Man at PKIn 1990, two men founded Promise Keepers. From an initial gathering of 4,200, PK exploded during the 1990s, filling stadiums and arenas across the country. In the peak year of 1997, more than a million men attended a Promise Keepers’ event.

But in recent years PK (and other similar men’s organizations) have struggled to draw 2000-3000 men to a church auditorium. In 2012, PK will offer a total of five conferences in small-to-midsize venues.

Meanwhile, a parallel organization, Women of Faith (WOF), continues to grow. This year WOF will sponsor 23 arena events, each with the potential to draw more than 15,000 women. In addition, WOF offers 16 one-day events in smaller venues and 9 Revolve Tour events, which target teen girls.

Even though Women of Faith was launched six years after Promise Keepers, it has the potential to outdraw PK by almost fifty-to-one this year.

Why is this happening?

The numbers are with women. The average church in America draws an adult crowd that’s 61 percent female. Women comprise two-thirds to three-quarters of church volunteers. There are simply more active Christian women in the population (nothing like 50-to-1, but it’s definitely easier to find them).

Women will gather to gather. Whereas men only gather with a purpose in mind, women love to gather whether they have a goal or not. Women love to see friends and make new ones. A conference is the perfect venue for that.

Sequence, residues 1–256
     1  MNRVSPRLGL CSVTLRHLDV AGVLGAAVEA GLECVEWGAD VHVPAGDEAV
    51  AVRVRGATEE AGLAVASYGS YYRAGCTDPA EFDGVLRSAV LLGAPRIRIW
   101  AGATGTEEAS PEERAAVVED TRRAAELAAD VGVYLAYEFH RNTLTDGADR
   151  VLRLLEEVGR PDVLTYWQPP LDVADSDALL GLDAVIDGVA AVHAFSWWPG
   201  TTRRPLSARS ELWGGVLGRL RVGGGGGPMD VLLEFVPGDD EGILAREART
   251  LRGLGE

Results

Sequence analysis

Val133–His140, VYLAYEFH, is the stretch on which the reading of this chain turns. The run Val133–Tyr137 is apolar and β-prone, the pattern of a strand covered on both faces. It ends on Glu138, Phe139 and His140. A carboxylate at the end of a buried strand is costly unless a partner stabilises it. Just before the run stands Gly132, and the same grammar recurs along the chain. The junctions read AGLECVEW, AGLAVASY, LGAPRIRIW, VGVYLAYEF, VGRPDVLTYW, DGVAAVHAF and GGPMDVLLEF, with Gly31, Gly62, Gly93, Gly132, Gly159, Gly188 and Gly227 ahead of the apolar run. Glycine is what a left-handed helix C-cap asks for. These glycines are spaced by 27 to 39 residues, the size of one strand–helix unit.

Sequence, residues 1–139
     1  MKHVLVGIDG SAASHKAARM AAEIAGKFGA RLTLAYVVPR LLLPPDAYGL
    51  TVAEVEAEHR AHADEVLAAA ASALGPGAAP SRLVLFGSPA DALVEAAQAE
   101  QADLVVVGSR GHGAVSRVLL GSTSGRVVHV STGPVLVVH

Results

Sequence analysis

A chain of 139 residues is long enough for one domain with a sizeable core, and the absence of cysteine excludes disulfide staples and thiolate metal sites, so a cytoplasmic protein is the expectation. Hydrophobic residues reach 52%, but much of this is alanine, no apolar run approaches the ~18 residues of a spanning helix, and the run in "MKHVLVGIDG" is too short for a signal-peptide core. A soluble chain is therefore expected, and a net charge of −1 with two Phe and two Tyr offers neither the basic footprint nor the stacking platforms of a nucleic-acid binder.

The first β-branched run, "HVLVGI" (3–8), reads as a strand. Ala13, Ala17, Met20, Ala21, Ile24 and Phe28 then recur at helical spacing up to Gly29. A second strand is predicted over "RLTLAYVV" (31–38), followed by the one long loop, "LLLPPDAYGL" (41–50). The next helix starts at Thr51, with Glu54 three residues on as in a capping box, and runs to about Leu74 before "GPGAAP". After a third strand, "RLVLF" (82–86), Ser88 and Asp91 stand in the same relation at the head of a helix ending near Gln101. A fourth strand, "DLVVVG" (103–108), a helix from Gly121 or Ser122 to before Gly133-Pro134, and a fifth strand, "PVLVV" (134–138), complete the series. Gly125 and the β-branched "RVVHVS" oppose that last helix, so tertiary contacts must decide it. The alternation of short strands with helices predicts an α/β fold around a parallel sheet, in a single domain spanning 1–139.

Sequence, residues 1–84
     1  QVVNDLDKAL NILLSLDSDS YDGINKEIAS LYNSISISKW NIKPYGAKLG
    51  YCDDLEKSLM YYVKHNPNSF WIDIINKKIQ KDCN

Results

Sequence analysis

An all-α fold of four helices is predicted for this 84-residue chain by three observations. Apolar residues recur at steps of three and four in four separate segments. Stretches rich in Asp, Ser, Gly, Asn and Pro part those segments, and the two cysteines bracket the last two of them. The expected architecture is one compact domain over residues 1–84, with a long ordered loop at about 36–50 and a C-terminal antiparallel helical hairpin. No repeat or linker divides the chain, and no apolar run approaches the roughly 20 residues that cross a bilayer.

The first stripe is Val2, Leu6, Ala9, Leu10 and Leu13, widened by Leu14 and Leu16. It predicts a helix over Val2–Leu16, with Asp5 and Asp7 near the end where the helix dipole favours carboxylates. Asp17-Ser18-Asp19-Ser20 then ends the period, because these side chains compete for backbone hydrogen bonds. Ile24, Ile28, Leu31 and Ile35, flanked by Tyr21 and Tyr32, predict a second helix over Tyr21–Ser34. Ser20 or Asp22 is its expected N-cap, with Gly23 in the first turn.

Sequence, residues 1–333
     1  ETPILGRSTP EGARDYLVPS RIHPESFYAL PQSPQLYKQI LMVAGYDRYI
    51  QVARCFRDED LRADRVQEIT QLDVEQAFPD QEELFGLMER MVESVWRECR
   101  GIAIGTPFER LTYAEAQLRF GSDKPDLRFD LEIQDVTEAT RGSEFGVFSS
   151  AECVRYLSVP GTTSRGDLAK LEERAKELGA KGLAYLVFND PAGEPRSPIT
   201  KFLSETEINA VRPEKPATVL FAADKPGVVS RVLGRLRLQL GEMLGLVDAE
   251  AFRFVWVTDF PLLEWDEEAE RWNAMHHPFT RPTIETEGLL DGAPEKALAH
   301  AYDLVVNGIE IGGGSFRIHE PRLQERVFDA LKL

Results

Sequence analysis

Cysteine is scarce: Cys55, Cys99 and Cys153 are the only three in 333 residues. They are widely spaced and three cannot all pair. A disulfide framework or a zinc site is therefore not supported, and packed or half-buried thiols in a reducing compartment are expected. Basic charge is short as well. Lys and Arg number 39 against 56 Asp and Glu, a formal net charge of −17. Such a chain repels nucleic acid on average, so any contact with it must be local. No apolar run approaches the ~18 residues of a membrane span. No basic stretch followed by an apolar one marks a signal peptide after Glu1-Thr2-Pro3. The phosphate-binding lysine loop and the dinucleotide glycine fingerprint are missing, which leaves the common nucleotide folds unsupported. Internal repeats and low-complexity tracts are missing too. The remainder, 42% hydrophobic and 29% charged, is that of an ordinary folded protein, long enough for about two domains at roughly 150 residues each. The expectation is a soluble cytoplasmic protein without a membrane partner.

Women are better suited to listening and singing. Studies have shown that women possess longer attention spans and superior verbal processing capabilities. And women tend to be less bashful about singing aloud in public – just look at the gender composition of your church choir.

PK lost its focus on men. A few years ago, Promise Keepers’ core message became Christian-Jewish reconciliation. A lot of men lost interest. Now, PK has returned its focus to men, according to this video posted by the organization.

Feminine reputation. Conferences can be quite emotive. In the 1990s, PK got a reputation among some men as an event where guys hug, hold hands and cry. That frightened a lot of guys. But this was no barrier to Christian women, who don’t seem to mind when tears flow.

Been there…done that. Men think, “I’ve been to Promise Keepers. Why would I go again?” Women think, “I’ve been to Women of Faith. Let’s go again!”

The money is in women’s ministry. Women buy about 75% of Christian products. A women’s event will always draw more sponsors than a men’s event – not only because more people attend, but also because women outspend men on Christian products.

So here’s the $64,000 question: what can organizations such as Promise Keepers do to attract more men? How can they convince guys to part with $59 and a weekend to gather with other men? Can PK ever regain its former size and influence? Or is the Christian men’s arena event something of the past? Comments are open.